Just A Little Patience

PatienceThere are few things in life more difficult than writing about something you love. There is the inherent fear of not doing it enough justice, the pressure of saying enough without overdoing it, and the heartbreaking reality that once submitted, it can never come back. Such thoughts currently swim within my brain-melon as I enjoy the masterpiece that Slut Rock heroes, Guns N’ Roses, blissfully exude from their 1989 single, Patience.

Oh, to be back in 1989.

An interesting duo of songs does this 45 pair. Patience, the first track on GN’R’s 1988, and 2nd album, G N’R Lies (which I always thought was an EP), serves as this 45’s A-Side while its counterpart is Rocket Queen, the last track lifted from their penetrating debut album, Appetite for Destruction.

Coupling two random tracks from two separate albums released in two different years, Geffen Records, what I assume, capitalized on the Zeppelin-like popularity of Axel and the boys and pretty much repurposed as much as they possibly could to turn a quick buck. Kudos to you, Mr. Geffen, sir. I’m a victim of your selfish marketing ploy. I could understand, and forgive, if the two tracks on this single were alternate takes, live versions, or acoustic/rock versions of their respected rock/acoustic originals. But… no. Same ol’ music packaged with a new cover. (Oh! Navy Seals!)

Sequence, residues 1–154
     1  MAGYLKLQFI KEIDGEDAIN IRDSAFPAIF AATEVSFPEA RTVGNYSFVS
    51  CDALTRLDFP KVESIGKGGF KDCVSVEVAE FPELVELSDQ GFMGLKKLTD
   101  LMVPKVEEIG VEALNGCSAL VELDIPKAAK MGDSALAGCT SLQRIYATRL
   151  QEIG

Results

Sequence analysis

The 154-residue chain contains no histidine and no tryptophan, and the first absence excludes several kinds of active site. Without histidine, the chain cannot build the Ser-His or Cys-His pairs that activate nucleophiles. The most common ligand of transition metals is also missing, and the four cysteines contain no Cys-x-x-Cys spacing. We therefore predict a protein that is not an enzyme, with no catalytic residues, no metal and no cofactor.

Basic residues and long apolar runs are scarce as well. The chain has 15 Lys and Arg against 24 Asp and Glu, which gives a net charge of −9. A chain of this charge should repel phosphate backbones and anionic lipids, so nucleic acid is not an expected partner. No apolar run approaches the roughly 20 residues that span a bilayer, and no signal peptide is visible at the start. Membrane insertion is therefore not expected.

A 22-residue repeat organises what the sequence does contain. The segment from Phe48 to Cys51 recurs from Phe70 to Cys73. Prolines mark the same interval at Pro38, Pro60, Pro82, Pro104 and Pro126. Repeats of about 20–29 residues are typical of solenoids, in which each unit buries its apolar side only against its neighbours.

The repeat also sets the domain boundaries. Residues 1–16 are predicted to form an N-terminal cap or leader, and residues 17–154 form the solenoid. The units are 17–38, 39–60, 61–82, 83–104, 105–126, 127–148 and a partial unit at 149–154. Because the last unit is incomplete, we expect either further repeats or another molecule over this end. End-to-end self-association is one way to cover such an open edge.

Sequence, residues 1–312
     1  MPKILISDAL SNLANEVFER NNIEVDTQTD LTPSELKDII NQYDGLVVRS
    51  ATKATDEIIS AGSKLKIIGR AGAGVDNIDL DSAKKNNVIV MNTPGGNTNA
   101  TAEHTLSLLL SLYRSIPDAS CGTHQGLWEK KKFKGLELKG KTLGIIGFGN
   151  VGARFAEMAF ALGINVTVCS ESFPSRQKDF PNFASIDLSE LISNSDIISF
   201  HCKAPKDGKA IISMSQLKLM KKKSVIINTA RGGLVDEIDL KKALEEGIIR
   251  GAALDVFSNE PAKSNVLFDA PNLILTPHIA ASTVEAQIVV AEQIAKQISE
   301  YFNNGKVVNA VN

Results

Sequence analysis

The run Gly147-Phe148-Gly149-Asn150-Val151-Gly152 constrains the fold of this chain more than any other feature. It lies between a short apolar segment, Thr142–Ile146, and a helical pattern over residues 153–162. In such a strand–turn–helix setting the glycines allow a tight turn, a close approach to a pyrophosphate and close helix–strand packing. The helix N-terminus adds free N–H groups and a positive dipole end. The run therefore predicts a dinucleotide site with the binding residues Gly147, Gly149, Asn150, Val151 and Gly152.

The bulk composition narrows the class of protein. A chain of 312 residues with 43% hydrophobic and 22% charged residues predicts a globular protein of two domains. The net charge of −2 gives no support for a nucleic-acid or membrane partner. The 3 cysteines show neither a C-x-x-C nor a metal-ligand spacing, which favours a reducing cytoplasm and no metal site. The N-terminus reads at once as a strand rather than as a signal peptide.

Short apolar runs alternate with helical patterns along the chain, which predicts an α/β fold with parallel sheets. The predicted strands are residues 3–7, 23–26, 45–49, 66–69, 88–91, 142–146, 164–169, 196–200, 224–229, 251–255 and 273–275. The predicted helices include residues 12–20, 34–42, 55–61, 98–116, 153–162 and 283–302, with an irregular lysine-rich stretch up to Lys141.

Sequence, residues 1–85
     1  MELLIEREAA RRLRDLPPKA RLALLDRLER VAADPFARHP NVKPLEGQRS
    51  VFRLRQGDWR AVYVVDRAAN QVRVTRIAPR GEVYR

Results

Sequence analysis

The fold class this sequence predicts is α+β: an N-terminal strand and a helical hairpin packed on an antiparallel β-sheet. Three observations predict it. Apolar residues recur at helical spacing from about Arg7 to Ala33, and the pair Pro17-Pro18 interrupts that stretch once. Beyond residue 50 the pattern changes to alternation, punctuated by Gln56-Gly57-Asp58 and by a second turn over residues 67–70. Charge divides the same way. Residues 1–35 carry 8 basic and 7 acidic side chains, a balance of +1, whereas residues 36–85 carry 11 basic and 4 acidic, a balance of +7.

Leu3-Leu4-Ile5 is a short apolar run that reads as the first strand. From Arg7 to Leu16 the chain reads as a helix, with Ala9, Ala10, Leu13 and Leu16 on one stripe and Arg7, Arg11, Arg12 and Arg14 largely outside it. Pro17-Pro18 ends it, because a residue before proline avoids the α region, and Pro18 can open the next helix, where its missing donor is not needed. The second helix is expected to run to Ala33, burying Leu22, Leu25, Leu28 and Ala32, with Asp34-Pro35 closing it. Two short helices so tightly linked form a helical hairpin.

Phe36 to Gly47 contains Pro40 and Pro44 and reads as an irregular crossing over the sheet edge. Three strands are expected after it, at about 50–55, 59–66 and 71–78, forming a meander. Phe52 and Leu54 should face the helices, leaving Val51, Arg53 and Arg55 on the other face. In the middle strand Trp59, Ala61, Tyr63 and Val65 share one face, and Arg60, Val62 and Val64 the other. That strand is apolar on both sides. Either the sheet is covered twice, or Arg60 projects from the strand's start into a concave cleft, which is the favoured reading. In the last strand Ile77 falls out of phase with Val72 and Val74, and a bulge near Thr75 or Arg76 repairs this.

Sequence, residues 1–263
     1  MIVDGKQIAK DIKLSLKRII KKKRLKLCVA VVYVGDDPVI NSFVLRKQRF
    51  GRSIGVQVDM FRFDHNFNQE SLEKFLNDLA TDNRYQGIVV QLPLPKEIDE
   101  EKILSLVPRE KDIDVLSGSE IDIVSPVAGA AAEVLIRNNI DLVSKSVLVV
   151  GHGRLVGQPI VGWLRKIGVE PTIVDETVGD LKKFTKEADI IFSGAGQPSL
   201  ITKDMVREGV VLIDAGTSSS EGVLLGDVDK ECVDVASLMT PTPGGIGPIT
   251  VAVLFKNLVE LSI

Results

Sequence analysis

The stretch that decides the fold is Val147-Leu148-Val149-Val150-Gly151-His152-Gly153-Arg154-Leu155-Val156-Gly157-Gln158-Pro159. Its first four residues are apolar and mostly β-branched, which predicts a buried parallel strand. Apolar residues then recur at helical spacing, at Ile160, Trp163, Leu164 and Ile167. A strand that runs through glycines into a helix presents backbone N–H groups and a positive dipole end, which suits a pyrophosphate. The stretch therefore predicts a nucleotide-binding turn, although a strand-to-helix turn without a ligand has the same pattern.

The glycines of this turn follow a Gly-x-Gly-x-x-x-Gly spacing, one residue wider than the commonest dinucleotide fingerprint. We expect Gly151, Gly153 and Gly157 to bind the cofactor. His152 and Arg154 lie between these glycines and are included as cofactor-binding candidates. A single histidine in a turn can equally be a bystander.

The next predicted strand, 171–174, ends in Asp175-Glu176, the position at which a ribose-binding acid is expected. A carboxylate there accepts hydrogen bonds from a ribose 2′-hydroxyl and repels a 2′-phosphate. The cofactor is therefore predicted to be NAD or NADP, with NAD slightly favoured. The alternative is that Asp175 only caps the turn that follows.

Patience is one of those songs that I’ve been able to play in my head at anytime I thought it up. I’m working on a philosophy loosely based on the idea that if you listen to any song a number of times, it’ll be added to your mind’s “permanent playlist” and anytime you think up that song, you can “hear” it in its entirety within the personal stereo system in your head. I haven’t named it yet, but I’m leaning towards Mind JAMZ 2K-Infinity… just kidding.

BackRocket Queen, to me, always seemed like a last minute addition to an album already peaking into the red of perfection. It’s a solid, straight forward hard rocker… little aggression, little in-your-face provocation, but your trusty run-of-the-mill, not-terrible-but definitely skippable rock n’ roll jam. I’ve got a buddy who is a diehard GN’R fan who actually saw them during their Use Your Illusion tour back in ’91. He claims Rocket Queen is the best track off Appetite, and therefore GN’R’s best. Although I’ll disagree with him, often violently, I respect his opinion and therefore the existence of Rocket Queen.

The Patience single is definitely not a necessity, but it paints an interesting two-song landscape with its bizarre pairing. It may be blasphemous to some, but Guns N’ Roses never came close to matching the brilliant achievements of Appetite for Destruction. I will however stand by my claim that whenever you hear GN’R on the radio, you are listening to the best possible song playing on any radio station at that moment.